Response by poster: I think they're processing the initial part now. When I spoke with my brother on the phone he mentioned that he didn't really know how to tell our family the news. We are small and close knit and no one would judge a potential abortion so I think they are feeling private feelings right now. I told him I didn't know if it was my place, but that if it would be helpful at all I would reach out to anyone they wanted or needed me to. Before he got off the phone it sounded like his wife had said they didn't want there to be any communication until they'd decided things so I'm hesitant to do that. They hadn't told anyone else when we talked a few hours ago. I'll figure out the stuff about the baby shower when it feels like an appropriate time to. I think they are dealing with the initial shock.

Thanks for the cancellation message feedback above. That's really useful.
posted by mermily at 6:56 PM on October 29, 2020 [4 favorites]

Oh, what hard news! I second communicating through the sister about shower plans. I would give it some time, like as long as you can wait until you for-real need to cancel things so you don’t end up with 100 custom decorated cookies and no one to eat them, and see how this unfolds before doing any cancelling etc.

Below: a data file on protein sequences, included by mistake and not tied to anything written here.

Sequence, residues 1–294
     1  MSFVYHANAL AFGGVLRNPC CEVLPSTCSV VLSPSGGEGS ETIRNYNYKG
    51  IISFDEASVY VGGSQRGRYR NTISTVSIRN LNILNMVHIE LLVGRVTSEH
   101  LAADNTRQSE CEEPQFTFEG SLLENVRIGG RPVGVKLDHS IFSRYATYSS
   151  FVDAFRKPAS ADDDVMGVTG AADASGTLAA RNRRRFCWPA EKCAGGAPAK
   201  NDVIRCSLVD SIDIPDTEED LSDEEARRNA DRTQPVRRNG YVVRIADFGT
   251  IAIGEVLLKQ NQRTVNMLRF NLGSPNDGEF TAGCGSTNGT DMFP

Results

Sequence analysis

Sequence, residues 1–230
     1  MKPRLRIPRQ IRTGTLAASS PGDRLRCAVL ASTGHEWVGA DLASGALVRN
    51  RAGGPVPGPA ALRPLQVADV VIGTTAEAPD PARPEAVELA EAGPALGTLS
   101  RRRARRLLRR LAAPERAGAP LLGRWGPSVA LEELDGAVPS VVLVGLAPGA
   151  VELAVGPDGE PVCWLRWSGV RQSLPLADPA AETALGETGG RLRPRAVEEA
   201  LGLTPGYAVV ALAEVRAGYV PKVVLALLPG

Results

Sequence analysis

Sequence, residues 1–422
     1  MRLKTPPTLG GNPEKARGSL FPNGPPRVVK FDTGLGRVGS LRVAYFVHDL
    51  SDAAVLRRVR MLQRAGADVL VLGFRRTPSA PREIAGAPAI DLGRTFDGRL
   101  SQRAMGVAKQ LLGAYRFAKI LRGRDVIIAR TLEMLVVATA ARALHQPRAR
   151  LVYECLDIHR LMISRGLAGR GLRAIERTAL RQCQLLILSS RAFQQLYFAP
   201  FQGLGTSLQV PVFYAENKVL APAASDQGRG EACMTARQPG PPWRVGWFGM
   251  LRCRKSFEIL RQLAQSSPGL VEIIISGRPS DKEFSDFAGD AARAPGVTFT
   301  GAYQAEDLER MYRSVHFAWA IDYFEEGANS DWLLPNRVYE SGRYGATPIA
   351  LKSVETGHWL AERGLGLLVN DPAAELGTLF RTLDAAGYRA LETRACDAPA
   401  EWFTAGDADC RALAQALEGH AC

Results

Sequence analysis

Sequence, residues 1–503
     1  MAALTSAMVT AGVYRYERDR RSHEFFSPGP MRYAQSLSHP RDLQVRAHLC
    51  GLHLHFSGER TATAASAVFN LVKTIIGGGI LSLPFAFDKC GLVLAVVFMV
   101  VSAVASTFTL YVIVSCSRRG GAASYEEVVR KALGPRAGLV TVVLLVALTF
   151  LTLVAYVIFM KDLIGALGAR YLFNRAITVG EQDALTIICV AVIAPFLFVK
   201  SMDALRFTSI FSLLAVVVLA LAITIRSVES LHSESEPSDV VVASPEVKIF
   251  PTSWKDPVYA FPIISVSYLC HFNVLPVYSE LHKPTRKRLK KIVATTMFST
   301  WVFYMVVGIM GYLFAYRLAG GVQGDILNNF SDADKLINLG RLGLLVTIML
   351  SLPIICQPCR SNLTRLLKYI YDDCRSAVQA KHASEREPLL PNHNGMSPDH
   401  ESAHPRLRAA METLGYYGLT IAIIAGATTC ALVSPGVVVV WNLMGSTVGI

If you’re getting down to the wire and decisions are still being made, postponing (instead of cancelling) might be gentler language to use with the sister, your brother, etc. to avoid giving even the impression of pressuring them.
posted by MadamM at 10:17 PM on October 29, 2020 [5 favorites]

Don't worry about whether you should have planned for the baby shower to be later. There is always some risk of things going wrong right up until the baby is born. The first trimester is considered by most people to be too early, but beyond that the odds are generally seen as good enough to do public things. I'm really sorry that the risks have crystallised for your sister-in-law. Please don't worry that you did something wrong, you didn't.
posted by plonkee at 3:33 AM on October 30, 2020 [6 favorites]

Best answer: Agreeing with plonkee that you did nothing wrong in regards to the timing of the shower. The pregnant person should have the say on timing of such an event and it's not on anyone else to try to talk them out of it because of the risks of something going wrong. Your SIL was trying to be as responsible as possible in planning an event which could be held outdoors. It just really sucks that this is happening to them.